- The dancer is able to communicate using simple words following two major operations but is in danger of becoming paralysed from the neck down
- Police take six giant screens, the supporting frames and a broken screw as evidence
A dancer critically injured when a giant video screen crashed onto the stage at a concert by Hong Kong boy band Mirror has regained consciousness, according to his father, while police have taken stage fixtures from the venue as evidence.
Kowloon West regional headquarters superintendent Alan Chung on Sunday said detectives took six giant screens, the supporting frames and a broken screw as evidence from the Hong Kong Coliseum in Hung Hom.
Pastor Derek Li Shing-lam on Sunday revealed his son Mo Li Kai-yin, 27, was able to carry out simple communication following two major operations after the accident that had dealt his family a blow emotionally. The father clarified with the Post that his son’s surname was Li, and not Lee, as authorities had said.
“Kai-yin has woken up … and needs everyone’s prayers and encouragement so that he will recover as soon as possible with God’s grace and possibly return to the stage,” Derek Li said.
He also called for prayers for two other hurt dancers – Chang Tsz-fung and Zisac Law Tak-chi – and people left traumatised by the accident. Chang said on his Instagram account he wished all 24 performers involved would be able to return to stage as one team.
Chang, 29, had been discharged from CUHK Medical Centre, education opinion leader Catherine Lui said on behalf of the dancer on Sunday morning. She also called for prayers for the injured.
Mo Li had been a key performer of the 12-member Canto-pop band’s dance crew, having appeared in many of Mirror’s shows and music videos.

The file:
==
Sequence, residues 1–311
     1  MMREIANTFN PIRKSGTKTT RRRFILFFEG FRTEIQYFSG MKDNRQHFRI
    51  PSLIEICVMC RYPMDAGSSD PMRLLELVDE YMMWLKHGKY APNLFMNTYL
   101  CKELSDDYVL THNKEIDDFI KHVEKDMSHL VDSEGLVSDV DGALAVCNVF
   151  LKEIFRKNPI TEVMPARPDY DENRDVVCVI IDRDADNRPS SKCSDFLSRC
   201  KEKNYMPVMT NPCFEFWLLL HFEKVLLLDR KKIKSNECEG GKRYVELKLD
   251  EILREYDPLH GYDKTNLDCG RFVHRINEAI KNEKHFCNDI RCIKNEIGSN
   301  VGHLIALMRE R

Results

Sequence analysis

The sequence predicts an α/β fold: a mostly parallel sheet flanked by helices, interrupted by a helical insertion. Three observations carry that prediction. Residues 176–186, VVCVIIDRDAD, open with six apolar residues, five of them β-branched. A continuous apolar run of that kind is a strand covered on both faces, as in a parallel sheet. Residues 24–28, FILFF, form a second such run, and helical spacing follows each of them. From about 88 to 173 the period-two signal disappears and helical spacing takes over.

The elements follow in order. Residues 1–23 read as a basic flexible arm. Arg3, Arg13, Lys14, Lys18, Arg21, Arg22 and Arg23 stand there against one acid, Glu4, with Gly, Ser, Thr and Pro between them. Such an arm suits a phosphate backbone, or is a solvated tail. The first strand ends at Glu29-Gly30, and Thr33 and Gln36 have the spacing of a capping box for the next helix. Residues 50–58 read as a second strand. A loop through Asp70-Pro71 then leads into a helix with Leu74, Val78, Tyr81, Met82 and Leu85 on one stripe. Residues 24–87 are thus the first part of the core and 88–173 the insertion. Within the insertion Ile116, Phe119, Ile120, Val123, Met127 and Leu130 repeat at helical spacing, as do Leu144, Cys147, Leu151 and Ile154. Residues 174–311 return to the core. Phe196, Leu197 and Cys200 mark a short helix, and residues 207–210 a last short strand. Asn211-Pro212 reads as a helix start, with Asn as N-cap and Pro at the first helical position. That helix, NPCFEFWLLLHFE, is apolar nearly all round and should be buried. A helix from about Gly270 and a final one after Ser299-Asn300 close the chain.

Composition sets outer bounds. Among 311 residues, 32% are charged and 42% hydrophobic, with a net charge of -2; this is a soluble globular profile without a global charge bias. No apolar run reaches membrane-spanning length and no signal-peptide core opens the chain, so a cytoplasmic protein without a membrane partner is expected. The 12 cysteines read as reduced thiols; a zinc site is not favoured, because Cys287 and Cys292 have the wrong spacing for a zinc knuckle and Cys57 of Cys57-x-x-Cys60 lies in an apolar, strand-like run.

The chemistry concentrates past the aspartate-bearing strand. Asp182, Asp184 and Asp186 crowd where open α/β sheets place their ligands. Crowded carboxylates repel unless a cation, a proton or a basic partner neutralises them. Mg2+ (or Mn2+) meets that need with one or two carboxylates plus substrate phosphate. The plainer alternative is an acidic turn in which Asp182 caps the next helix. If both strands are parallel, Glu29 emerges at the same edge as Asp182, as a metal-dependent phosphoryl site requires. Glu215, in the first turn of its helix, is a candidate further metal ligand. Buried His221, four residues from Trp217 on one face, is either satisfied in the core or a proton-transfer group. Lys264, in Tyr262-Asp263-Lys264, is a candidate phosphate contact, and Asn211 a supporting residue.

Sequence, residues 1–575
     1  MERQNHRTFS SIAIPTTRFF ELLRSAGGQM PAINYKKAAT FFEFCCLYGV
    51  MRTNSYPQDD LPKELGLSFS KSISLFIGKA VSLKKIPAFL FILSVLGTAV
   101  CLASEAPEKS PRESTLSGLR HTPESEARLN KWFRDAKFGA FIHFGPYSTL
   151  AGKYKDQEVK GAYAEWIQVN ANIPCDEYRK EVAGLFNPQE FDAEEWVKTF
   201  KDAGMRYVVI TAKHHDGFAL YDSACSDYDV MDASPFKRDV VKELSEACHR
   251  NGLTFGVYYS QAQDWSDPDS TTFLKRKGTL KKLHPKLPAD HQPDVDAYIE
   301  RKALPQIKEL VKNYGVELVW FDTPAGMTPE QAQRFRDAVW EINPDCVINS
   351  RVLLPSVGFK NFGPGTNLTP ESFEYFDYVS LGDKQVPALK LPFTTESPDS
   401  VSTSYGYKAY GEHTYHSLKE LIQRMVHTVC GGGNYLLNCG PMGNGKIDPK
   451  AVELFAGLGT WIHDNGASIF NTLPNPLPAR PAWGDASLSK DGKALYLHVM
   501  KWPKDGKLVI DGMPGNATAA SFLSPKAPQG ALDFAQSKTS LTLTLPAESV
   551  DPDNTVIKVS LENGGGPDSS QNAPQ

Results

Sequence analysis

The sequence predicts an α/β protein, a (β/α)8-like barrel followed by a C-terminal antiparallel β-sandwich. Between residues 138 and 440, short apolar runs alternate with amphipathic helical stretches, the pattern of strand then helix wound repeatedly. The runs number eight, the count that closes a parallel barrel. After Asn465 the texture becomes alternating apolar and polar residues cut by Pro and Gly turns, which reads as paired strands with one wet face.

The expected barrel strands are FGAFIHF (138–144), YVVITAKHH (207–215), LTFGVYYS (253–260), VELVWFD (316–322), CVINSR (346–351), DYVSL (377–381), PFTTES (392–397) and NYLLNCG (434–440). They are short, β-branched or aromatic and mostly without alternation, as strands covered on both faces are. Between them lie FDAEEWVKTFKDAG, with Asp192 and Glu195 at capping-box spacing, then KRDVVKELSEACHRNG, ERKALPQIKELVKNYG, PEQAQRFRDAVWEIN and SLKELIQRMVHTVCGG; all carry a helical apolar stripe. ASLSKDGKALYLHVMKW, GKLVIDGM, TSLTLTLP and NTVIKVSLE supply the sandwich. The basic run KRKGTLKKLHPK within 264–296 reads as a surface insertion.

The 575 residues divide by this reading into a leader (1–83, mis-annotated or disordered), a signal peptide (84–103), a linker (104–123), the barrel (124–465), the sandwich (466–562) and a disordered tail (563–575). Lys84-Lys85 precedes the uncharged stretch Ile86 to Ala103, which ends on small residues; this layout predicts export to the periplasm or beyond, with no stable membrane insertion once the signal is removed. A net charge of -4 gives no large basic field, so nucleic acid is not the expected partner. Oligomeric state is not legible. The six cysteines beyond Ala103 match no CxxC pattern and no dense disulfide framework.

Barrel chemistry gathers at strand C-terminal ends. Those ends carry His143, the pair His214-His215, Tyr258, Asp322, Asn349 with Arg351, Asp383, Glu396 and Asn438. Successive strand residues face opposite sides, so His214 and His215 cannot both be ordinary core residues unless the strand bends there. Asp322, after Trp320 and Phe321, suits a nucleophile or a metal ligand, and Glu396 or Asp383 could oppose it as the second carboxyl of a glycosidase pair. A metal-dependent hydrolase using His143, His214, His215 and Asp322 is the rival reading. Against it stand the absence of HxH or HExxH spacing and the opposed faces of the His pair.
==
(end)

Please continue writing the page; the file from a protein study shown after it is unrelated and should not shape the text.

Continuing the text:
He remains in intensive care at Queen Elizabeth Hospital and is in danger of becoming paralysed from the neck down after the four-by-four-metre screen fell on top of him, impacting the third and fourth section of his cervical vertebrae, the Post has learned. His head and lungs were also injured.
Following the July 28 accident on the fourth night of an intended series of 12 concerts at the coliseum, Mo Li underwent two major operations. Previously, he was in an induced coma following the surgeries last week, according to sources.
“We are thankful for the professional advice and care of the medical team that gave Kai-yin hope during the crisis,” the father said. “Pray for two other dancers, Fung and Zisac, who were also injured at the concert and people who are emotionally affected so that they can get back to their normal lives.”
The family had emigrated to Toronto and urgently flew back to Hong Kong a week ago, obtaining a government exemption to visit Mo Li at hospital during their compulsory seven-day quarantine.
On Sunday morning, a prayer meeting was held at Siu Lek Yuen Peace Evangelical Centre in Sha Tin, where Li grew up. His father called on an interdepartmental task force investigating the accident to propose measures for greater safety at performances.
Task force experts returned to the venue on Sunday morning after revealing on Friday that a wire used to suspend the giant screen showed signs of metal fatigue.
The Leisure and Cultural Services Department is leading the investigation.
A source familiar with the investigation said the task force’s two visits to the concert site over the weekend yielded new discoveries on possible factors contributing to the accident.
The government laboratory and a commissioned external one would conduct separate tests on samples of the broken cable. The task force would study their conclusions at its next meeting, which has not been scheduled, and then decide the next steps, the insider said.